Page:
New Models of Development Cooperation: The g7+ and Fragile-to-Fragile Cooperation
Trends in conflict and fragility are changing. New regions and an increasing number of middle-in- come countries are experiencing instability.1 But many of the problems in conflict-affected and fragile situations remain, including in the g7+ group of fragile states. Several of these countries are still low-income and aid dependent, and a majority of them are not expected to reach the goal of halving poverty by the end of 2015, nor to reach several other Millennium Development Goals (MDGs).2 Most continue to experience the same shortfalls of international engagement year after year. Fragility has proven to be resilient, with several countries experiencing recurrent and protracted crises.
Traditional North-South development cooperation, with its formal, highly regulated, risk averse, and high-transaction systems,3 has delivered limited results in conflict-affected and fragile situations. This is despite the volume of aid – which ac- cording to the OECD amounts to over 38 per cent of Official Development Assistance (ODA) – and efforts to make it more effective.4 The practice of South-South Cooperation (SSC) has increased in recent years, partly in response to the limitations of the OECD Development Assistance Committee (DAC)-led approach to aid; that is, one dominated by the global North. In its dominant form, however, SSC is largely practiced by middle-income and emerging economies, which also may not be well placed to represent the poorest and most fragile of contexts.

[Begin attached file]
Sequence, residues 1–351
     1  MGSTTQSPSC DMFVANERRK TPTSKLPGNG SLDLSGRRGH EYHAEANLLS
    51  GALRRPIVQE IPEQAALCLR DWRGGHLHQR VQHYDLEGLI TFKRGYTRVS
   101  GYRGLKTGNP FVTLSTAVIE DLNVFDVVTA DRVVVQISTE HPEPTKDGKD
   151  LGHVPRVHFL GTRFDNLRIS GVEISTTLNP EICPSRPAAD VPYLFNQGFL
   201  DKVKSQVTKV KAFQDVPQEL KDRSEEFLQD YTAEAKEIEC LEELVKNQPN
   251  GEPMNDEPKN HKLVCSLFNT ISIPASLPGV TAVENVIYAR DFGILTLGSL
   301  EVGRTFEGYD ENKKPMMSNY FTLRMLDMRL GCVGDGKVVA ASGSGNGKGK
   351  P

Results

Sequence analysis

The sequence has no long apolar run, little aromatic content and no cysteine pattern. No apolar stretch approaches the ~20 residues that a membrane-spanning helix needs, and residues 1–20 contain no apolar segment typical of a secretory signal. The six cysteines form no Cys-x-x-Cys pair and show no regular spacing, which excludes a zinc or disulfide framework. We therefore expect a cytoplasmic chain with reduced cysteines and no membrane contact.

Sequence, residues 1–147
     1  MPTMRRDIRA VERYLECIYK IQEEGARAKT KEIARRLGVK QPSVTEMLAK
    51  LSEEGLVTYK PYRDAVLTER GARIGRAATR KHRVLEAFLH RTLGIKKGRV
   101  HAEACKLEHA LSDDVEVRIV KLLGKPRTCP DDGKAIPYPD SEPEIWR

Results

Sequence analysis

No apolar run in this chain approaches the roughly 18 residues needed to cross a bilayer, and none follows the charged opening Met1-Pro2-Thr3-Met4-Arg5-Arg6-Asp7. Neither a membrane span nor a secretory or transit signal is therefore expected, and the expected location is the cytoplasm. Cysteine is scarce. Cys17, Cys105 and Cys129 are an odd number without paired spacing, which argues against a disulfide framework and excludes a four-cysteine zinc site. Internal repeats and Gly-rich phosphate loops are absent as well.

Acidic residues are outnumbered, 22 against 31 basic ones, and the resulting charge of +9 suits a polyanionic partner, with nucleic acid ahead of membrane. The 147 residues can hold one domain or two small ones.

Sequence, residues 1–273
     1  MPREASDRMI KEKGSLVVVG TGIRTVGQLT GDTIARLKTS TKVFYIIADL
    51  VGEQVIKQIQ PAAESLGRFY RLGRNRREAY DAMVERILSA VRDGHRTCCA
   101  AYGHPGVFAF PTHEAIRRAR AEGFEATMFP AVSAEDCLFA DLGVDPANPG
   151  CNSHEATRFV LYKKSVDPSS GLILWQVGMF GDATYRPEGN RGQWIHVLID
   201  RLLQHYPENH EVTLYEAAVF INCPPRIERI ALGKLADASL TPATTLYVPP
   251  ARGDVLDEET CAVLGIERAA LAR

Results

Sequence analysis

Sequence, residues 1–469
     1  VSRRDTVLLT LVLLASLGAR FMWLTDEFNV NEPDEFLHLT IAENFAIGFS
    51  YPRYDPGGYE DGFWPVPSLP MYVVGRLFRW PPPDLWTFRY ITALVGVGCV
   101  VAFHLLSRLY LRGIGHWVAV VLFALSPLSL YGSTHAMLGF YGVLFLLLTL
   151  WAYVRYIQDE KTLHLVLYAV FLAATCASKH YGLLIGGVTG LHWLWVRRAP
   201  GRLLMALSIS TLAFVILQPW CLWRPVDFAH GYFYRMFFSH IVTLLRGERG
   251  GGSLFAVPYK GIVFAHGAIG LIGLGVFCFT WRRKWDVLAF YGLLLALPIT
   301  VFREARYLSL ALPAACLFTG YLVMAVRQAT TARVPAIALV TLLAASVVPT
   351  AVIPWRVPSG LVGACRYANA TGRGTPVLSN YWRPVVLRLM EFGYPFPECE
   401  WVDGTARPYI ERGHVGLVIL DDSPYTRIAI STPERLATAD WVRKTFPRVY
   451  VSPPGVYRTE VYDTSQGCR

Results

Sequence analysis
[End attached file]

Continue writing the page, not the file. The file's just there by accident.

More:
The g7+ has emerged in the past few years as a group of conflict-affected countries that aim to support each other in addressing their own fragili- ty, including through the idea of Fragile to Fragile (F2F) cooperation. F2F cooperation has emerged partly in response to the perceived deficiencies of existing forms of cooperation. While it remains to be seen whether the g7+ and F2F cooperation can provide a robust and meaningful solution to these issues in practice, it is nonetheless an important evolution within the global development context.
This paper examines the emergence of the g7+ and the F2F approach, and discusses the extent to which, at this early stage, it might provide a different and necessary form of support from the established models of the DAC, SSC and triangular cooperation. It also situates the g7+ and F2F within the context of the post-2015 development agenda, notably in relation to the implementation of the Sustainable Development Goals (SDGs).